Members of Parliament: don’t be naive
It’s amazing how naive some members of parliament about social media. They fail to see sites such as Twitter can damage any reputation for good judgement and sagacity. There was a time when only a handful of MPs who used it would get tech-savvy young staffers to send out tweets for them. They would send details of their itinerary, an occasional picture of them in their constituencies. Or some other innocuous information.
But unfortunately today any number of MPs have seized control of the means of publication. Not to do so, they worry, would get them accused of being out of touch. The fact is that not everyone wants their views on the NHS, Brexit or some other important topic. Rather they want direct, unfiltered access to them, every hour of the day. Or so MPs think.
Reflect, before sending
All this has had the dire effect of encouraging our members of parliament to rush to judgement on issues. Often these issues need reflection and thought. As opposed to wasting time on silly tit-for-tat exchanges with journalists or constantly sending messages in all directions:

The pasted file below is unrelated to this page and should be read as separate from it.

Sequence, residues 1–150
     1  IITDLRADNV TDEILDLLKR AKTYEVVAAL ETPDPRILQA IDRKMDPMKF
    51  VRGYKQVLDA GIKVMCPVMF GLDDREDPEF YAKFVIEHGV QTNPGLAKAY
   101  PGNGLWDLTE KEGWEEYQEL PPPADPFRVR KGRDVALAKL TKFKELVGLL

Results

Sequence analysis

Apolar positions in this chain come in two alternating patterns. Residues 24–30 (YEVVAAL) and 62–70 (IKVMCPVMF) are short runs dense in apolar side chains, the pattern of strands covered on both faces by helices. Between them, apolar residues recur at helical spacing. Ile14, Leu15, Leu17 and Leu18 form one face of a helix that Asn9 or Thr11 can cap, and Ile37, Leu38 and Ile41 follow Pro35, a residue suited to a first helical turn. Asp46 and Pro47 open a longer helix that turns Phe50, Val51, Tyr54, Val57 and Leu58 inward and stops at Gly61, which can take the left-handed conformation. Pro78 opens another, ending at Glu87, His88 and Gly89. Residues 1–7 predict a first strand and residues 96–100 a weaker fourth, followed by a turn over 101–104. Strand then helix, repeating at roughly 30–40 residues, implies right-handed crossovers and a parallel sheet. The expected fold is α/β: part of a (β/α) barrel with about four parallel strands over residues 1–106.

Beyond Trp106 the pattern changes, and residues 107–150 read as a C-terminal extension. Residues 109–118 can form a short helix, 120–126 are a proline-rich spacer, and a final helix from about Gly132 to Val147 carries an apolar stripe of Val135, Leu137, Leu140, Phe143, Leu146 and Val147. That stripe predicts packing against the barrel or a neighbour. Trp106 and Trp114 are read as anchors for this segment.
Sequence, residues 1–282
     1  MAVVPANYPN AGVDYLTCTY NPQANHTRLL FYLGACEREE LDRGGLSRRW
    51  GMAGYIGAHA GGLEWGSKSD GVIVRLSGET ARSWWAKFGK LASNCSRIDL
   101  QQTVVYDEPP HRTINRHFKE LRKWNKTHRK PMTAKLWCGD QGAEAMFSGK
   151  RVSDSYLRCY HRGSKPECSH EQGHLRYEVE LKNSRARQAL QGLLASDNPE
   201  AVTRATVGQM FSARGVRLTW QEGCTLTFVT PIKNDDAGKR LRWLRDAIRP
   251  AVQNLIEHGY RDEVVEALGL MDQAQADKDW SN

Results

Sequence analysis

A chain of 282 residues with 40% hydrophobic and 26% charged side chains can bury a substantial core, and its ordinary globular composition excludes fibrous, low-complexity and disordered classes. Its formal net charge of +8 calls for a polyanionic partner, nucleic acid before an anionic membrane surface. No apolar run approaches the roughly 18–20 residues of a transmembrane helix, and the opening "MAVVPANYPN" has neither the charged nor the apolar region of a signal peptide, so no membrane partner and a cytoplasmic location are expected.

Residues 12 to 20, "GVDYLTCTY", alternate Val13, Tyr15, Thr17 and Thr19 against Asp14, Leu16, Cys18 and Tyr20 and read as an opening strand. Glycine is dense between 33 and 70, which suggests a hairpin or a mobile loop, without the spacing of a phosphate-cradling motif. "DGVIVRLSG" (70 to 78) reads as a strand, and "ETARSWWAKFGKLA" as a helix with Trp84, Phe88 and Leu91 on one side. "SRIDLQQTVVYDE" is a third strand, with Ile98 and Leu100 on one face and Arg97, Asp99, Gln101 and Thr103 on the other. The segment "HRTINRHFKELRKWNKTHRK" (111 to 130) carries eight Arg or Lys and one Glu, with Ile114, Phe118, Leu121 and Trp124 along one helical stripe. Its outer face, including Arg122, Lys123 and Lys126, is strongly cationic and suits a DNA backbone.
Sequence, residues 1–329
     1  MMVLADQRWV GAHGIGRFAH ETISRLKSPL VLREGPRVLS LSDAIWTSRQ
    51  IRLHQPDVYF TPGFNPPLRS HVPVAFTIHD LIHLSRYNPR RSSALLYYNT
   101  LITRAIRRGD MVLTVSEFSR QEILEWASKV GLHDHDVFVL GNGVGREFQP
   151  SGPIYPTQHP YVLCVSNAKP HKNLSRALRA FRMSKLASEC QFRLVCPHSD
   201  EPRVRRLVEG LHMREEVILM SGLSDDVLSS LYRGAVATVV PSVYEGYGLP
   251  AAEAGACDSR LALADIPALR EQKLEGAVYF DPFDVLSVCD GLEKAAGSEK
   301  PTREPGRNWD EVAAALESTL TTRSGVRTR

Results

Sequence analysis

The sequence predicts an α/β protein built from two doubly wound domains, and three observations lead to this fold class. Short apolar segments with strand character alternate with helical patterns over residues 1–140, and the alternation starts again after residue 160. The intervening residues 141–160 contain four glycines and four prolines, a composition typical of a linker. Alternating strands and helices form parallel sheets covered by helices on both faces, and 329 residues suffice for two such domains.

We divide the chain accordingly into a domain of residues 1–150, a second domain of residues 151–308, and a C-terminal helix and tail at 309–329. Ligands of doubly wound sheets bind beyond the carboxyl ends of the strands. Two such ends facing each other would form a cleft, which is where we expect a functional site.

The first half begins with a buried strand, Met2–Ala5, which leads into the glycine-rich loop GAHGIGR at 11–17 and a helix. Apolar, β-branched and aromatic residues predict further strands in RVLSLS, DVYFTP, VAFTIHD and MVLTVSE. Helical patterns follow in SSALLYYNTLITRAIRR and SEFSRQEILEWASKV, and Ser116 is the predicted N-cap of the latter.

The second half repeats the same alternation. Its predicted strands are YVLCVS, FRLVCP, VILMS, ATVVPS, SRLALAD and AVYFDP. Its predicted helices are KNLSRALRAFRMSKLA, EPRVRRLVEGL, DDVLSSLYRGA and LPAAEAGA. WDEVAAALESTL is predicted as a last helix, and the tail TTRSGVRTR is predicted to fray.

Why do MPs go on Twitter at all? Why bother to control your public image – media advisers, training, care in interviews with journalists – and then risk it all by joining this lawless public message board? They can’t really claim it helps them with their jobs: only a narrow demographic slice of their constituents will be on the platform, and in any case few seem to use it for the purposes of engagement – an average 23% of tweets by MPs are direct replies (fewer for cabinet members).
They should remember that on Twitter the more often serious people tweet, the less seriously we take them. Yes, of course Twitter can increase a person’s public profile. But it almost never boosts their political legitimacy.